Microsoft lab to ‘supercharge molecular science’ with machine learning

21 Jul 2021

Image: © fusebulb/

By using the latest advances in AI, the new Microsoft lab will look to better understand the nitty-gritty details of molecular properties and behaviours.

Microsoft Research is opening a lab in Amsterdam focused on advancing molecular simulation by using machine learning, quantum chemistry and quantum computing.

The lab will be led by Dr Max Welling, who specialises in computer science and machine learning. Welling is currently based at the University of Amsterdam and will be joining Microsoft Research in September.

He was hosted on the Microsoft Research podcast this week by Chris Bishop, a lab director of Microsoft Research in Europe, where the announcement was made.

“Molecules are basically everything around us, except for light and a few other forces that we can’t really see. Everything else is made of molecules and yet we don’t really understand them, we can’t really predict their properties,” said Welling.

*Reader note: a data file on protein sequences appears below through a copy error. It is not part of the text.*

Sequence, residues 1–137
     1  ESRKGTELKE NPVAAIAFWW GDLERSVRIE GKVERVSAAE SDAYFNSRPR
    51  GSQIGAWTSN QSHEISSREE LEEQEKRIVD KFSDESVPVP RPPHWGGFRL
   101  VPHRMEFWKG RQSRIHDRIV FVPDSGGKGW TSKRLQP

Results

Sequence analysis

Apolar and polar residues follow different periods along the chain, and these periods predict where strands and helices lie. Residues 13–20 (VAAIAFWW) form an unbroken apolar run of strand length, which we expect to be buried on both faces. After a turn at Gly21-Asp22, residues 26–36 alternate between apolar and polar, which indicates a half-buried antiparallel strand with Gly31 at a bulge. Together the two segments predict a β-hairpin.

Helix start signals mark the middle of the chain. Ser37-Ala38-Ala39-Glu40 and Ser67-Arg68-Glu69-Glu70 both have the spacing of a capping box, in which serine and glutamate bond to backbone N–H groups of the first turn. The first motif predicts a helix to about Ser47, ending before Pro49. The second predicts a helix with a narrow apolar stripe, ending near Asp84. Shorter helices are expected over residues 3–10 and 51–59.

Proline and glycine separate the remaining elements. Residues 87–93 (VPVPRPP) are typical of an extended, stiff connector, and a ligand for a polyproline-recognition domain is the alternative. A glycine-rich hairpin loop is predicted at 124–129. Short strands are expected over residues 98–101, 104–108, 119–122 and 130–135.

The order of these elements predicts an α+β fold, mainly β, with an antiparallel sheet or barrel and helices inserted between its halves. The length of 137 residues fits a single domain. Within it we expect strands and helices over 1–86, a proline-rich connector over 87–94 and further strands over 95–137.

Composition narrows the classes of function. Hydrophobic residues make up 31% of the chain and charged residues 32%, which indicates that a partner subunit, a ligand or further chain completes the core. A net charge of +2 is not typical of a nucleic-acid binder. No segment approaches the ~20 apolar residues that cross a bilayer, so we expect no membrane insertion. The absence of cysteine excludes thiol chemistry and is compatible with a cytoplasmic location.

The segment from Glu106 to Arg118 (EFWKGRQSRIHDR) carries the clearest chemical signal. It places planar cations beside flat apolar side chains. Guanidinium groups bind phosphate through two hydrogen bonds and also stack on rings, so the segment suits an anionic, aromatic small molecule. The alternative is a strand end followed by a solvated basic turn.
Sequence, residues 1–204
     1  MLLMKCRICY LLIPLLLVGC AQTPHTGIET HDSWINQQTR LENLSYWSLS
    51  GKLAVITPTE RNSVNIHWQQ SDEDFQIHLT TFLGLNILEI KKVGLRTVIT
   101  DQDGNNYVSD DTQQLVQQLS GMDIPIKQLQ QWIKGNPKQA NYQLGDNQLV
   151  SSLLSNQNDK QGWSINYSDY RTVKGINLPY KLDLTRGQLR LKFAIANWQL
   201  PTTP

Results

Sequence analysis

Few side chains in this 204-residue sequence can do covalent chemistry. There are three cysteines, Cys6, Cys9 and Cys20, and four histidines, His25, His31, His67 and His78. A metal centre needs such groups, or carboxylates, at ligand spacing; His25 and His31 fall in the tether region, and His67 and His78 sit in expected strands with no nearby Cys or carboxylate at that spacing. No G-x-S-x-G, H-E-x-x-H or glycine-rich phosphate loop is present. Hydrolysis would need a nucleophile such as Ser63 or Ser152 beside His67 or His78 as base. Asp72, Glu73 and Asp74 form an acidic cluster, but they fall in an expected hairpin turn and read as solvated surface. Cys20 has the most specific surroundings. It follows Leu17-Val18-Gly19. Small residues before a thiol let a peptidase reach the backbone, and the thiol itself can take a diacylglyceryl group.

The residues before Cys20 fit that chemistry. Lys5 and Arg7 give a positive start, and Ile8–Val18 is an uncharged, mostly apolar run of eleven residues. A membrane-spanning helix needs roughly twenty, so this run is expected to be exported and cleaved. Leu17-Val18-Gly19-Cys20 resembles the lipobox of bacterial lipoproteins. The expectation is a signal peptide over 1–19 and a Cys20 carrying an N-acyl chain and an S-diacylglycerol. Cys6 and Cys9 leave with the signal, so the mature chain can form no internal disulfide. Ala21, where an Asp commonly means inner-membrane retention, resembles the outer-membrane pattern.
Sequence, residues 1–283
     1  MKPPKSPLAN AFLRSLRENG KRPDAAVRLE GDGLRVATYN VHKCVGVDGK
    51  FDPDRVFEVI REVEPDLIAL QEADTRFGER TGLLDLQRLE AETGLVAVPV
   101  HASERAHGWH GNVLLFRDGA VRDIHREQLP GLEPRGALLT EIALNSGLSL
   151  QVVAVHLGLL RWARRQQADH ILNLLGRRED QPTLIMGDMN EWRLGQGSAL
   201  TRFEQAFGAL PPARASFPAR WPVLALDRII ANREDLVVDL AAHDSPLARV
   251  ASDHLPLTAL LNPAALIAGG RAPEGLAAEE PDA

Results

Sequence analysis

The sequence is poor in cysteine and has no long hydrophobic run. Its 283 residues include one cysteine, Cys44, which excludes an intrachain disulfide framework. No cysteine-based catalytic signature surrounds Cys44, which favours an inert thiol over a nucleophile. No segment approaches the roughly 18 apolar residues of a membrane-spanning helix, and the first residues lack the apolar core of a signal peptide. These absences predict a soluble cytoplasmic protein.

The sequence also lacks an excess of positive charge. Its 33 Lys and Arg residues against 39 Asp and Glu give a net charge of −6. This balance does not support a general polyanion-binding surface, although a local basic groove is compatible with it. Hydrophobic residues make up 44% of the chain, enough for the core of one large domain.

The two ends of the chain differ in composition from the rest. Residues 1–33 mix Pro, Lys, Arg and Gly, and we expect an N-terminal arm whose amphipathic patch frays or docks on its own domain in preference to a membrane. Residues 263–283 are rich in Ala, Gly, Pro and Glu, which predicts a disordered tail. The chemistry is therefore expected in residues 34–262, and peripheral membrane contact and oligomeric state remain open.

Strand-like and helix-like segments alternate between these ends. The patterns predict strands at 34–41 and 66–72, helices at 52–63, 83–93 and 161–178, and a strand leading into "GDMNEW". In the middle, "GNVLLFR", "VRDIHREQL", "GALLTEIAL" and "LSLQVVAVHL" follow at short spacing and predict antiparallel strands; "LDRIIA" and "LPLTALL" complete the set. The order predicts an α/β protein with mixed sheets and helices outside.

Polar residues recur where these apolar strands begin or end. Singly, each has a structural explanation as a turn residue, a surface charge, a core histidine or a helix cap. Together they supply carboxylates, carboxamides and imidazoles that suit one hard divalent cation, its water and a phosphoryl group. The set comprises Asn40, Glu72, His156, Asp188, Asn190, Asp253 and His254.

“So, if we start to understand molecules better, then a number of applications become within reach. We can start to design better catalysts, for instance to help the hydrogen economy.”

This new lab in Amsterdam will use cloud-scale deep-learning technology to better understand how molecules behave, and predict and simulate properties that serve societal needs.

Through these simulations, the goal is to address issues related to the climate crisis, healthcare, drug discovery and sustainable materials.

Bishop leads the Cambridge Microsoft Research lab in the UK. The team there focuses on deep research in areas such as cloud infrastructure, confidential computing and machine intelligence.

“Building on foundational molecular modelling research, we aim to supercharge molecular science by using machine learning,” said Bishop about the new lab in Amsterdam.

“Just as it has already revolutionised fields like computer vision, speech recognition and natural language understanding, we believe machine learning is set to make a similar transformation in the field of molecular simulation.

“This has tremendous potential for real-world impact on some of the most important challenges facing society including climate change, drug discovery and understanding biology to help us treat disease.”

Sam Cox was a journalist at Silicon Republic covering sci-tech news